Leo is the most affectionate soul I have ever met, he actively seeks me out, as well as Platon, for cuddles, and likes to snuggle up near my face and kiss me. He never fights for food or toys, and will always concede, even if he cries for me to ensure he gets his share of the treats. He’s a warrior, but a lover, not a fighter. Leo bears the most visible signs of physical abuse, of all my dogs, yet he is the most loving, friendly, trusting, peace seeking of the pack. He’s so enthusiastic about meeting new people, or dogs, or cats, that his squeaky cries of delight can be quite disarming, in comparison Platon is a very cool customer, often aloof with other people, whilst maintaining focus on me. We used to have a stray cat that sunbathed at the bottom of the steps, and whenever we went out, Platon and the cat touched noses. Within a week, Leo was doing the same, once the cat was convinced his excitement was non-threatening. Meanwhile, I still harbour the desire to hold a gun at whoever shot Leo, and tell him to run for his life, and feel the terror he inflicted on my dear, sweet, brave, loving, little dog. In fact I subsequently discovered another bullet, lodged between Leo’s eyes, confirmed by x-ray. An air rifle had been trained on Leo’s face, and we suspect shot at his neck as he fled, probably some sick game of target practice, or culling the stray population. Yet Leo holds no such grudge, his happy little face greets me with such enthusiasm every morning, as he shoves his nose into mine for a kiss, as he play bows, and wags his tail furiously. Each day is a gift that Leo grabs excitedly, and he exudes his sunny delight unfailingly. I’m so grateful that this bundle of love walked into my heart, ands showed me what forgiveness, unwavering trust, and relentless love, really look like. He is more loved and loving than I can put into words, and I feel so very blessed that he chose us as his family.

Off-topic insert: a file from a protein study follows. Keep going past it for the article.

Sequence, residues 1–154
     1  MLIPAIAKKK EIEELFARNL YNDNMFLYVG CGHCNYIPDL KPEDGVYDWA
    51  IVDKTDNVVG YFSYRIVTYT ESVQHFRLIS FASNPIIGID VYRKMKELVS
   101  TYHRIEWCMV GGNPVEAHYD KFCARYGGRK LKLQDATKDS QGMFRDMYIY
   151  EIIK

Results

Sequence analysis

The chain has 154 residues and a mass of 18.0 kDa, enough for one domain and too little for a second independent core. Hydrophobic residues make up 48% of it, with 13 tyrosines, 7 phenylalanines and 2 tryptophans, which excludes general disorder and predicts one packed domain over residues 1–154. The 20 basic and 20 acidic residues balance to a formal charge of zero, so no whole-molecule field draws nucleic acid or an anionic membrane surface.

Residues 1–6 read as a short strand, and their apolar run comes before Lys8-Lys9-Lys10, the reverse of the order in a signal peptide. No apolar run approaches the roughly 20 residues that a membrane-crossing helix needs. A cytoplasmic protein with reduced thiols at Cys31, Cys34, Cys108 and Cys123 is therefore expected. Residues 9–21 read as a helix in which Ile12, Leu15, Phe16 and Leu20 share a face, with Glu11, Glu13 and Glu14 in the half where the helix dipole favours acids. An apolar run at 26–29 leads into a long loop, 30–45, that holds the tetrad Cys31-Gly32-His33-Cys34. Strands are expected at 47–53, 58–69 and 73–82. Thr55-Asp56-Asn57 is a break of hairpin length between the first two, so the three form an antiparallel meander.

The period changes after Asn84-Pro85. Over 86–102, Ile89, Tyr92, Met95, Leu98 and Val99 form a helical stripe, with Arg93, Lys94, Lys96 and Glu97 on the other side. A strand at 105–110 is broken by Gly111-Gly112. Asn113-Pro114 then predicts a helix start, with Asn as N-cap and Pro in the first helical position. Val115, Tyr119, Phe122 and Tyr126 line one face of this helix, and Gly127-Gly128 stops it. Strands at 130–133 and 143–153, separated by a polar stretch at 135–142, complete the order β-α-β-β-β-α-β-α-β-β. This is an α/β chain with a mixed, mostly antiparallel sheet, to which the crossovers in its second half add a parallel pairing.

As I write, Leo is curled up next to me, his chin rests on my lap, and his breathing is calming and rhythmic. He’s been such an enduring loving presence, a great support through a recent difficult period of challenging spinal surgeries, and he has kept me smiling. He is probably the easiest of my dogs in many ways, despite some issues of separation anxiety and a cheeky little streak that can emerge as impatience. He is a gentle soul, a peace-loving little warrior, a funny little character, a cuddle bug, a playful puppy, a brave little soldier, and the loveliest ray of sunshine you could hope to meet! Happy found day Leo xx

Words and photo ~Hayley Darby ©2016

Back again..

Processed with VSCOcam with b1 preset

Photo via Pinterest